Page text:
- Adulthood is incredibly lonely. You go to work in your own cubicle and go home to your own room. I was walking around my office the other day and had a tiny mental breakdown. “This is my life now,” I thought. Where do people find a group of friends they can meet and share things every day like in “Friends” or “How I met your mother”? Is there any show about lonely people? Continue reading “[Day 796] A few things I learned today”
Sophia the robot visited Vietnam today and VnExpress asked me to write an op-ed about what it means to be human. In the article, I mentioned the program that Andrej Karpathy wrote that generated Shakespeare-sounding text.
I didn’t think much of it until my editor texted me: “Is Andrej Karpathy human?”
I was like: “I guess.”
She was disappointed and took that example out of my article.
Disclaimer: pardon my French. This line is from Silicon Valley.
I’ve been back in Silicon Valley for less than a week and I’ve already collected half a dozen business cards from my Uber/Lyft/carpool drivers. They are all either raising funds or looking for new customers.
Levi thinks it’s because I have a disarming face. People look at me and think: “I bet I can squeeze some money out of that little person.”
I’ll take it as a compliment.
The Lyft driver picked me up from work today and, gesturing at the spaceship-like building behind me, asked: “Do you work at NVIDIA?” I said yes. He said: “Wow.”
He told me that 8 years ago, his wife got offers from both Qualcomm and NVIDIA. She chose Qualcomm because she didn’t want to work for a tiny company that only made gaming chips. “Then her Qualcomm stocks went straight down,” he said. “If she had taken the NVIDIA offer, we’d have been retired by now.”
Well, if I had bought Bitcoin 8 years ago, or invested in Facebook, or Amazon, we wouldn’t be having this conversation right now either. Aren’t chaos and fortunes the same thing in Silicon Valley?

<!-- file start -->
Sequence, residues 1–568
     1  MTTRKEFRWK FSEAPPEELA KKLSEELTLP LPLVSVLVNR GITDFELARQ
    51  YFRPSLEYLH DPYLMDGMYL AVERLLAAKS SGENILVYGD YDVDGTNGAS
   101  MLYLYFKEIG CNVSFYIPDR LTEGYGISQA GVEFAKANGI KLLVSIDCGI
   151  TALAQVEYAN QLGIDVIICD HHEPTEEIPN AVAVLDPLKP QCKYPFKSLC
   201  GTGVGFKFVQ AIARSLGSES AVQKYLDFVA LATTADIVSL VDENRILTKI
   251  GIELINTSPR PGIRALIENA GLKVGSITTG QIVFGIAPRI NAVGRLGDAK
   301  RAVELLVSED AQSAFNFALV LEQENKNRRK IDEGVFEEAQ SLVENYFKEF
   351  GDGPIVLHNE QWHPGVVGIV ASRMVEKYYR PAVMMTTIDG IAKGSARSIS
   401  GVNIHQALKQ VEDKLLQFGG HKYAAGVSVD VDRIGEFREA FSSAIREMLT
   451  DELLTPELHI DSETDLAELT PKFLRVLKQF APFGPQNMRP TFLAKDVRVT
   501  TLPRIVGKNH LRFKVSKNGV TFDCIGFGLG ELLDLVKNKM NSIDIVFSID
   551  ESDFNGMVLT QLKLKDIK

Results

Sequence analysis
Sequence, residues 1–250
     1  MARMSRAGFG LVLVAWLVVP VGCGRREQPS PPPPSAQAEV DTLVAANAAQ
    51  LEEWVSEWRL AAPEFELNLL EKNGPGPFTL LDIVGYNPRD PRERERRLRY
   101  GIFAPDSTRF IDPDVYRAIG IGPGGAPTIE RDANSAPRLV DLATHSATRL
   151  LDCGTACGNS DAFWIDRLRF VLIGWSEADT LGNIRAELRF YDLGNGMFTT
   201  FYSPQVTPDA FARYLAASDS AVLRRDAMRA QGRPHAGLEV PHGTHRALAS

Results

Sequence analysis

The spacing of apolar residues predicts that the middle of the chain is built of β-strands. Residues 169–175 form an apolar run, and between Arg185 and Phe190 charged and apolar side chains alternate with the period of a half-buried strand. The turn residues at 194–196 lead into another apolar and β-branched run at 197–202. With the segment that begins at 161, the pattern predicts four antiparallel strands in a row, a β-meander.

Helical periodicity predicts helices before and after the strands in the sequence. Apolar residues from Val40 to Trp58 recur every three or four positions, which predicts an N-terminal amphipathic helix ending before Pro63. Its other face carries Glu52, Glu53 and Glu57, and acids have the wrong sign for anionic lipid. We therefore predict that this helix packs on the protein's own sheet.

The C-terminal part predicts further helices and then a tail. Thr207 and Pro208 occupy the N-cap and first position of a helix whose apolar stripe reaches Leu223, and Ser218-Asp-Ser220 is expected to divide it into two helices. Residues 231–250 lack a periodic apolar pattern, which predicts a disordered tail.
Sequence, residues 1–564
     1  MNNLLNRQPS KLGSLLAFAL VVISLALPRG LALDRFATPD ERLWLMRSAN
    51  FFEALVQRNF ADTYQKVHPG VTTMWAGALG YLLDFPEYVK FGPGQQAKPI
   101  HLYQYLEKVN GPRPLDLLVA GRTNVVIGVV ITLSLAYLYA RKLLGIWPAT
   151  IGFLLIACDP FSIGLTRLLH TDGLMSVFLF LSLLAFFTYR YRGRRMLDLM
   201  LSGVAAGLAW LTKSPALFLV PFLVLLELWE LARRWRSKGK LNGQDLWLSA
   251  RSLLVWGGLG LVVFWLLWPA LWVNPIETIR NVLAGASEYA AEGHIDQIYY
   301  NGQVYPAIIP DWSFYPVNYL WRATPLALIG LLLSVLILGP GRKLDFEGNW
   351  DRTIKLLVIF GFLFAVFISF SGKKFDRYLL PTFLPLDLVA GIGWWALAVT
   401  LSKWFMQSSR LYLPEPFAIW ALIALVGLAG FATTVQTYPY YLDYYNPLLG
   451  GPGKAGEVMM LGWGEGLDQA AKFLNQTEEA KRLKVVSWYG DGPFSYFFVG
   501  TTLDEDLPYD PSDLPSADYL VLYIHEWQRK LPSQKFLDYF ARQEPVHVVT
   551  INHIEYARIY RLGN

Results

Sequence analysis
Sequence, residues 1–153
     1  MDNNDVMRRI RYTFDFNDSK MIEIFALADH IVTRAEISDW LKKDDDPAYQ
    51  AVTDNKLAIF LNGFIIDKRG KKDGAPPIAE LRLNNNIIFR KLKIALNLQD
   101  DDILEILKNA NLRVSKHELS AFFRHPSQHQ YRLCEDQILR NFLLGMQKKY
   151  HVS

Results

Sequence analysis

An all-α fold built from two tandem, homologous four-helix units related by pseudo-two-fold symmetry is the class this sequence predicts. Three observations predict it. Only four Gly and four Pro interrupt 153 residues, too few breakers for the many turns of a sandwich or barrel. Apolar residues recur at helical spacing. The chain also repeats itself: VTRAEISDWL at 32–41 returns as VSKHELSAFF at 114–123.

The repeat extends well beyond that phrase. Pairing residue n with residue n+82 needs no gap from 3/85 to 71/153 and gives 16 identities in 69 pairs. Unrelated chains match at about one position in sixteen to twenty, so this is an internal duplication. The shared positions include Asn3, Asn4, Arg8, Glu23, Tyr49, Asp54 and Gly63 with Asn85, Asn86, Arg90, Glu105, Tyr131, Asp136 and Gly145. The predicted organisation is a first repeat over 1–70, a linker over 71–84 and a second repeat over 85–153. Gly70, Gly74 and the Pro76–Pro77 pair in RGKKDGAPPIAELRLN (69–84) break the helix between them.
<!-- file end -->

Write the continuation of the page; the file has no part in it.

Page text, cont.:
Have you ever wished that one day, you could just press a button and your life is reset? Start off with a clean slate. Nothing that you’ve done wrong in your life can come back and haunt you.
I was *almost* given that chance today. New job, new house, new relationships (more accurately, the lack of old relationships). It’s *almost* because unfortunately, I’m still me. Everything that I’ve done has become part of me. But at least for now, no one will ask me about it and I can pretend that everything is alright.
It feels good to have a home again.
P/S: I finished 2 of Sedaris’ books today, Naked and Calypso. I’ve started to refer to reading Sedaris as “Sedaris therapy”. His stories remind me of how fucked up adulthood is. If I’m not homeless, not a drug addict, and clothed on a regular basis, how bad can my life really be?
Before selling my soul to the Computer Science god and enjoying all the privileges an elite education could provide, I was a reckless hitchhiker. For 9 months, I hitchhiked across Africa. Hitchhiking was also my main mode of transportation in Israel and South America. The highlight of my existence was when I was featured on the list of “fantastic hitchhikers” by the Lonely Planet author Anick-Marie Bouchard. Continue reading “[Day 703] What’s it like hitchhiking in the US”
I was in Orange County visiting the Vietnamese community and this showed up in my inbox:
This made me feel a bit rebellious so I wanted to do something different. Kieu, my super cute-and-kind host, recommended a great place for a way overdue haircut and while I was there, I decided to dye my hair. Continue reading “[Day 696] I lost my hair virginity”